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Spotting & discharge during pregnancy

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Pregnancy brings an array of changes inside your body, and some on the outside that might be a bit more obvious. You might find that you have more vaginal discharge than normal during your pregnancy or the consistency of your discharge changes. You might also get some pregnancy spotting which can be quite common in the first trimester. If you’re ever in doubt about anything though, we always recommend that you speak to your health care professional.

What is pregnancy spotting?

Pregnancy spotting looks like a very light period or brownish vaginal discharge and is actually reasonably common during the first trimester. It may be a release of blood caused by the fertilised egg attaching itself to your uterus wall (implantation bleeding). Spotting with other symptoms like tummy or pelvic pain could be a sign of something serious, either a miscarriage or an ectopic pregnancy, which is why it’s always best to contact your health care professional if you notice any bleeding at any time during pregnancy, even if it stops.

During your third trimester it could be linked to premature labour, another reason to call your health care professional as soon as possible.

Increased discharge during pregnancy

Let’s talk about discharge! Let’s lay it all out on the table and say that vaginal discharge is probably not your favourite part of being a female. Unfortunately you will probably experience an increase in discharge during your pregnancy. The good news is that the increase in discharge is completely normal and is often a positive sign.

An increase in vaginal discharge during pregnancy is caused by the increased blood flow to your vaginal area and is your body’s way of protecting baby from any nasty bugs. The normal, good type of discharge is thin, white and non-irritant. You may notice it gets heavier towards your due date – a good sign that your baby’s on the way. However, discharge can sometimes be a sign of an infection or thrush, especially if there’s an itching or burning sensation, too. If that’s the cause, it’ll probably be thick, yellowish or green and might smell. The first thing to do is call your doctor, who will be able to check and help you treat it.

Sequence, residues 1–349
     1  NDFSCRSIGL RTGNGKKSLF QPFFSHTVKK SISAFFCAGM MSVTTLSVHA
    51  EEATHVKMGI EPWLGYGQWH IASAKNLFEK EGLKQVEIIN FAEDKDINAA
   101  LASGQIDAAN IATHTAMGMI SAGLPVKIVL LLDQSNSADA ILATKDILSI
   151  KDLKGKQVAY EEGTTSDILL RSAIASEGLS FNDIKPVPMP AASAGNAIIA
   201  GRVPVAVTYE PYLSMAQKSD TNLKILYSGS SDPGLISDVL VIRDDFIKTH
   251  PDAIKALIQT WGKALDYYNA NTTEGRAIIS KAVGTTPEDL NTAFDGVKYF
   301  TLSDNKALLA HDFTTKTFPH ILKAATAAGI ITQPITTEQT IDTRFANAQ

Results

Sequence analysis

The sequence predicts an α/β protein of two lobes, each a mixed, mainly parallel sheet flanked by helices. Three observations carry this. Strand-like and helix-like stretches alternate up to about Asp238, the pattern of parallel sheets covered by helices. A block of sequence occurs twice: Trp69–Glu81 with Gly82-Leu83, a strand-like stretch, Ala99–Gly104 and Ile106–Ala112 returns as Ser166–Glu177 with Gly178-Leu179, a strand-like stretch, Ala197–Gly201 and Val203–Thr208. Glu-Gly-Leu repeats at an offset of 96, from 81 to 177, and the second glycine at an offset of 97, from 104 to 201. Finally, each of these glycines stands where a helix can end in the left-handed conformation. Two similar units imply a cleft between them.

Discharge is more often an annoyance rather than anything serious. If you are experiencing it, remember that it will pass once your baby’s born.

  • If you feel it’s heavy or makes you uncomfortable in your underwear, use sanitary pads to absorb it (do not use tampons)
  • Wash regularly with warm water but avoid perfumed soaps
  • Wear light, cotton underwear

It is often difficult to determine what is normal during pregnancy and what you should be concerned about. We recommend that you understand that there will be changes to your body during pregnancy. Some of these are very common and harmless. If you are ever worried, it is best that you contact your doctor and discuss your concerns.


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